While Sigfox is a very good technology for numerous projects, some use cases may not be feasible as of today.
1) Message size limitations
The Sigfox protocol is designed to be extremely efficient and allow devices running over our network to have many years of battery life. The 12 bytes payload (maximum, but flexible) of a Sigfox message is also perfectly suited for the vast majority of IoT use cases we see today, allowing devices to transmit interesting data to the cloud.
However, this technology is optimized for a specific kind of use case, meaning that some projects requiring high bandwith and constant connection are not really adapted for the Sigfox technology today.
2) Legal limitations
As the current version of Sigfox uses public radio frequencies (aka ISM bands), we have to comply with the sharing rules in place in the different regions of the world to keep these bands available for everybody.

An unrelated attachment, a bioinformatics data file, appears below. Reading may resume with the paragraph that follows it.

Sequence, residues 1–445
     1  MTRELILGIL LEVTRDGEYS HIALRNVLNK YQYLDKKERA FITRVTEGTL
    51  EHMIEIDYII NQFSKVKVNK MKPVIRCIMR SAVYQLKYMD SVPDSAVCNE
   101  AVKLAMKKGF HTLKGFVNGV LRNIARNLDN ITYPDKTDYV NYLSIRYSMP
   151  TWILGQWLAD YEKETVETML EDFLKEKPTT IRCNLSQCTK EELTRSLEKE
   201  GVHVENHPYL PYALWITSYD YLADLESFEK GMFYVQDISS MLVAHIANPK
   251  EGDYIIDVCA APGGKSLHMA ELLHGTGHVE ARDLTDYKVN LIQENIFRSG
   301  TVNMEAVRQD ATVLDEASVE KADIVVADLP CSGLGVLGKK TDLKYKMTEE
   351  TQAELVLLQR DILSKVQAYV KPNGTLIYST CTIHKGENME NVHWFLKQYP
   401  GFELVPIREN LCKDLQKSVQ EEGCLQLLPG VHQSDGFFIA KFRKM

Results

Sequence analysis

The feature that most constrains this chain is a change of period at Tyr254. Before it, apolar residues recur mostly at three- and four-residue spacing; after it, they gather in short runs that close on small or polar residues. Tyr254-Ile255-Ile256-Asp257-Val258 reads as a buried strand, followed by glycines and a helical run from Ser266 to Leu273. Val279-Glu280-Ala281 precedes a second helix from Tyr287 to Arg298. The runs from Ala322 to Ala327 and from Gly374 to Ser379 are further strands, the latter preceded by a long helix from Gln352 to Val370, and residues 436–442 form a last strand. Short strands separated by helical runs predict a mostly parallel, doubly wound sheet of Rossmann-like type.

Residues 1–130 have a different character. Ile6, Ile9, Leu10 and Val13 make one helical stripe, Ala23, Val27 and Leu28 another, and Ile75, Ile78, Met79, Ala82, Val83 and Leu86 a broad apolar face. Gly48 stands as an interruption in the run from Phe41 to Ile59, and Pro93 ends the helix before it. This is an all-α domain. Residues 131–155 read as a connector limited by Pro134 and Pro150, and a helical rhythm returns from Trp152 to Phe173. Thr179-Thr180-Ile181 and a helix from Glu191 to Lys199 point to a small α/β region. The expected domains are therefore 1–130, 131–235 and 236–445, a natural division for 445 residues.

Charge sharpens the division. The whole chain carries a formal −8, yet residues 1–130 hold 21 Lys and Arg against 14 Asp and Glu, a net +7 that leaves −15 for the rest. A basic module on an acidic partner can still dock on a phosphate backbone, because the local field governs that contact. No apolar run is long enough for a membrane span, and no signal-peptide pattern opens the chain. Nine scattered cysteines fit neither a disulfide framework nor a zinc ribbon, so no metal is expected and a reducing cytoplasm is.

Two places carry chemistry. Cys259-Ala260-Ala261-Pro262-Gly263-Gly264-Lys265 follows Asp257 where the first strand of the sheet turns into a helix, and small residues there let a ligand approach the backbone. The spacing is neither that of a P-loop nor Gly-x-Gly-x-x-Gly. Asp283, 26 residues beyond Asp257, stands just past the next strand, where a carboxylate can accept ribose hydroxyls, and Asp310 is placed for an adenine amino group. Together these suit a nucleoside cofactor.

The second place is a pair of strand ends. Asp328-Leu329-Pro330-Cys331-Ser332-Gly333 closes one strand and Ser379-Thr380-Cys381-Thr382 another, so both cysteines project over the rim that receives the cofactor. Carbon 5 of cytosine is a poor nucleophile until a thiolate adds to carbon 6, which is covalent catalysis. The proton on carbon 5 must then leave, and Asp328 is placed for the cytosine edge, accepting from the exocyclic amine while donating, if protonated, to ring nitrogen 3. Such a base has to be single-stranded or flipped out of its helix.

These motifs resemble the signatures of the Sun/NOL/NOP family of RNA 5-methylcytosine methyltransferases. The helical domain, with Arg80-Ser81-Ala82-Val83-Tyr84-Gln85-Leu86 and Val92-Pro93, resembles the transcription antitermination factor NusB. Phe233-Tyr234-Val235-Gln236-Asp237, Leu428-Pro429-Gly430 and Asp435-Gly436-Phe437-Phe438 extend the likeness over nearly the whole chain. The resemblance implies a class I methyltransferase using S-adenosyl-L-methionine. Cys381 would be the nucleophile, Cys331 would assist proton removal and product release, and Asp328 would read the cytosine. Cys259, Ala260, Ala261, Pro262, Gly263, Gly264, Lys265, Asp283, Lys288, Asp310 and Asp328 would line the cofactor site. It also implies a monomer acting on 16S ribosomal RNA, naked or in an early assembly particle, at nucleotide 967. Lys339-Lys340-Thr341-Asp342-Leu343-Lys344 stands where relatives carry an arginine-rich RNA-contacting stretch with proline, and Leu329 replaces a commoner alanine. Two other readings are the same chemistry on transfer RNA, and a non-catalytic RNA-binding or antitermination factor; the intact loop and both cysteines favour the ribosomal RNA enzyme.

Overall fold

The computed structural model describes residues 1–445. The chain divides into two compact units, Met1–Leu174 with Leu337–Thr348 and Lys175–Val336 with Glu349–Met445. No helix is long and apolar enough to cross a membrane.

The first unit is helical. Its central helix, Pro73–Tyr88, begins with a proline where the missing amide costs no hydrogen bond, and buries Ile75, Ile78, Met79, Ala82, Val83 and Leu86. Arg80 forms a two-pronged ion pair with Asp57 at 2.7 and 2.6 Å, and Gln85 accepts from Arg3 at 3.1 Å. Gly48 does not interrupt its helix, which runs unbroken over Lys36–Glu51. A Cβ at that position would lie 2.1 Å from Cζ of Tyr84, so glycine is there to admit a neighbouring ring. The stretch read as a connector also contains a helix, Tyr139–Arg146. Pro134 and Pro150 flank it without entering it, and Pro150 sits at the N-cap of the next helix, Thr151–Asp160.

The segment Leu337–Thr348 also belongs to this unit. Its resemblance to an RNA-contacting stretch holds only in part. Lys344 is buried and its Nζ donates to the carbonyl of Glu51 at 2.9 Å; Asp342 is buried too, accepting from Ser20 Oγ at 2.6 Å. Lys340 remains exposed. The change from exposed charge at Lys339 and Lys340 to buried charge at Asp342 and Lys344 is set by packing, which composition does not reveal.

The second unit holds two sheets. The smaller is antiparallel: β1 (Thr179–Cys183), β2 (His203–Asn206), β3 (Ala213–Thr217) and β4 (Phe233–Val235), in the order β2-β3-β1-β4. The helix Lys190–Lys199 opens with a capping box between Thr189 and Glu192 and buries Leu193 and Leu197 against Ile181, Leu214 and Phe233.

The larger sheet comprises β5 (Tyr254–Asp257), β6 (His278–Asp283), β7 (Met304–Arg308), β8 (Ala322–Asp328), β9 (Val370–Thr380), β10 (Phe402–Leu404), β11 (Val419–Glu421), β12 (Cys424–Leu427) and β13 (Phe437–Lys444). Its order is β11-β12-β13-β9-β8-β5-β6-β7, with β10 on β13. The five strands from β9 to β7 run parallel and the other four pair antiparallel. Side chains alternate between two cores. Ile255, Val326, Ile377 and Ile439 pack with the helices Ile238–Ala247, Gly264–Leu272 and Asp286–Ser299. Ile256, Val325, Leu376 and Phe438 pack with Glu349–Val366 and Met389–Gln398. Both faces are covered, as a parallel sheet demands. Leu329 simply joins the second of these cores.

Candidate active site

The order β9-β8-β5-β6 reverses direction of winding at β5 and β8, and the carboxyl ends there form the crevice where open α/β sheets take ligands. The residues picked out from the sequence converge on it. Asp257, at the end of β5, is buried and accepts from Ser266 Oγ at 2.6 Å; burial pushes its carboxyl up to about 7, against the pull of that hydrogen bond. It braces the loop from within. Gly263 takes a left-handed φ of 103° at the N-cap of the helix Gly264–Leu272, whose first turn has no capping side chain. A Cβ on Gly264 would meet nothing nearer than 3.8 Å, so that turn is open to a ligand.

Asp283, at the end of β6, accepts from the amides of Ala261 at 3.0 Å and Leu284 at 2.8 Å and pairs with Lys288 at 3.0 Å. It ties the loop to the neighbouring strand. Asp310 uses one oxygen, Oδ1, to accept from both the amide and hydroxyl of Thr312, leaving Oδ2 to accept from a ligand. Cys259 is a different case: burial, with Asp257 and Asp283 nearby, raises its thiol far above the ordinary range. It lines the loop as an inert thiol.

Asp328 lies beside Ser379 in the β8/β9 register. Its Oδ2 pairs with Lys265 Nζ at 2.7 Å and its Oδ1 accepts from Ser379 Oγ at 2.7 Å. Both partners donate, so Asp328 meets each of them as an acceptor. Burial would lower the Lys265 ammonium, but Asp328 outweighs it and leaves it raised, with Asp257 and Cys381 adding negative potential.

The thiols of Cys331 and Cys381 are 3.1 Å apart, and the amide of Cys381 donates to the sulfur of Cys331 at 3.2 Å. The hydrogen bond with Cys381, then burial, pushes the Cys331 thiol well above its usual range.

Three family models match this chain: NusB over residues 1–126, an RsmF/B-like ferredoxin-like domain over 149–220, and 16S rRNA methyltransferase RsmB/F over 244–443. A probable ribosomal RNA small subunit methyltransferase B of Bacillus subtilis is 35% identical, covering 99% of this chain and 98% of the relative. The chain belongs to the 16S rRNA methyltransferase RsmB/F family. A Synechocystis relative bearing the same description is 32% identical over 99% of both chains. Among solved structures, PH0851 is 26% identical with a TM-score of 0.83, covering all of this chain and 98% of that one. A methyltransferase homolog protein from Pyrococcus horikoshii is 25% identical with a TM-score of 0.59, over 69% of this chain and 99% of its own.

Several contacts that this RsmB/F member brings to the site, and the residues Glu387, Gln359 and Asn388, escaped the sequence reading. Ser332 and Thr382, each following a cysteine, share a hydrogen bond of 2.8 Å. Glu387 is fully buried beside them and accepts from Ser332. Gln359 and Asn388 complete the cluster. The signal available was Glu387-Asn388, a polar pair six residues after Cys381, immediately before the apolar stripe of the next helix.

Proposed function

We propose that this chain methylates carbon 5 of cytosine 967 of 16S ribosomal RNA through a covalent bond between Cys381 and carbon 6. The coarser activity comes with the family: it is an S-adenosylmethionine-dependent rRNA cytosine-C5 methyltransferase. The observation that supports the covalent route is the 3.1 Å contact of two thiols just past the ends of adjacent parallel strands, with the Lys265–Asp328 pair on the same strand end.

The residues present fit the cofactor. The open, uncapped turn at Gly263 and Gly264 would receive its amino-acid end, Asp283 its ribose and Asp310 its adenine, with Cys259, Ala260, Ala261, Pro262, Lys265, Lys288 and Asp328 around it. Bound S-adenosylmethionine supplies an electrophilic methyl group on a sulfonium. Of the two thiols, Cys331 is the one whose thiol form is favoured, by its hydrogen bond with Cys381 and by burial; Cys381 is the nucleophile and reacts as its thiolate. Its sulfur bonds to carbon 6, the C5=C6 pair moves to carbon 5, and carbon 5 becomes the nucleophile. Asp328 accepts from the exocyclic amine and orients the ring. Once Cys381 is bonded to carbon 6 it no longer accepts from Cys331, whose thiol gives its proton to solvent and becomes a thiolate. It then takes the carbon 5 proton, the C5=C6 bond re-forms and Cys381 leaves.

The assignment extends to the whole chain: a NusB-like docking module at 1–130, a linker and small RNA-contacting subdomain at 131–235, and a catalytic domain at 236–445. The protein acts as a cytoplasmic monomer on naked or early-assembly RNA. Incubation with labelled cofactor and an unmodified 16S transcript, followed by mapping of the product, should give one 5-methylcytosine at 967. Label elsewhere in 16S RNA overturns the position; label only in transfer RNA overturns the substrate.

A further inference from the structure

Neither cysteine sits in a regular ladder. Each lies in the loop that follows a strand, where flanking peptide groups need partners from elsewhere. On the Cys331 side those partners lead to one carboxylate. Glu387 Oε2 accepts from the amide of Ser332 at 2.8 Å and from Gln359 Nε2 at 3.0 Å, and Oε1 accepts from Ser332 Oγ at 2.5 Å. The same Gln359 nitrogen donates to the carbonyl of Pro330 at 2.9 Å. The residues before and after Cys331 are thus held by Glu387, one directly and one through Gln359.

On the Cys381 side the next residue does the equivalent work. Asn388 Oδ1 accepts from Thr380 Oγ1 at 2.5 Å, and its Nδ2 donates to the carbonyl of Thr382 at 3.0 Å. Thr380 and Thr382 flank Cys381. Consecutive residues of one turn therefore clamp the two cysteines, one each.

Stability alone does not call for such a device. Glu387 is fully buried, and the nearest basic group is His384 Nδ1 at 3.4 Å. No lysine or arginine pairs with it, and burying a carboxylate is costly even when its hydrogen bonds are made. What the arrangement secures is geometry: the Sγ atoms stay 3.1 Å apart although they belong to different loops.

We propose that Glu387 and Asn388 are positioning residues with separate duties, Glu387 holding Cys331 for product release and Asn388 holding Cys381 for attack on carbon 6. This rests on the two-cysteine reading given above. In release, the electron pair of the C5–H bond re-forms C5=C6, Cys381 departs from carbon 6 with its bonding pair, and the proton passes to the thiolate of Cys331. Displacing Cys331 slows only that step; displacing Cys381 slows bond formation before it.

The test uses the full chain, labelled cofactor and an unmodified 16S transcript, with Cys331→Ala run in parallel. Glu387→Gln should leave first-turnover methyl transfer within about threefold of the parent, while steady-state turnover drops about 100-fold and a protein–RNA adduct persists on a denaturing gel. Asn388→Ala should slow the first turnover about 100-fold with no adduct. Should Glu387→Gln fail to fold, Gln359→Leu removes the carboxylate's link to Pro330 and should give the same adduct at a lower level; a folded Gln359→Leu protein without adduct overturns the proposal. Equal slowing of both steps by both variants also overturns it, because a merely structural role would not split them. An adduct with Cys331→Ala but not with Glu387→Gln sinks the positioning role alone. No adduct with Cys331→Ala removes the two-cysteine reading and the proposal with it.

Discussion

For instance, in Europe, the ETSI regulation allows devices on these frequencies to send messages for 1% of the time per hour. Devices can only send a defined number of message per day to be compliant with the rule, and our commercial contracts were designed to match this limitation.
It is a direct application of the European ETSI regulation:
- There are 3,600 seconds in one hour.
- 1% of 3,600 is 36 seconds, so a device can emit for 36 seconds per hour .
- A Sigfox messages takes 6 seconds to send (for RC1 devices).
- Therefore, you can send 36/6 = 6 messages / hour, which makes 24x6 = 144 messages a day. We keep 4 messages for protocol use, which allows for 140 messages per day for your device.
NB: This calculation is just an example of what is done in EMEA region (Europe, Middle east, Africa). Depending on the location, limitations can be very different.
To get more details on the Sigfox technology, you can download the Technical Overview available below.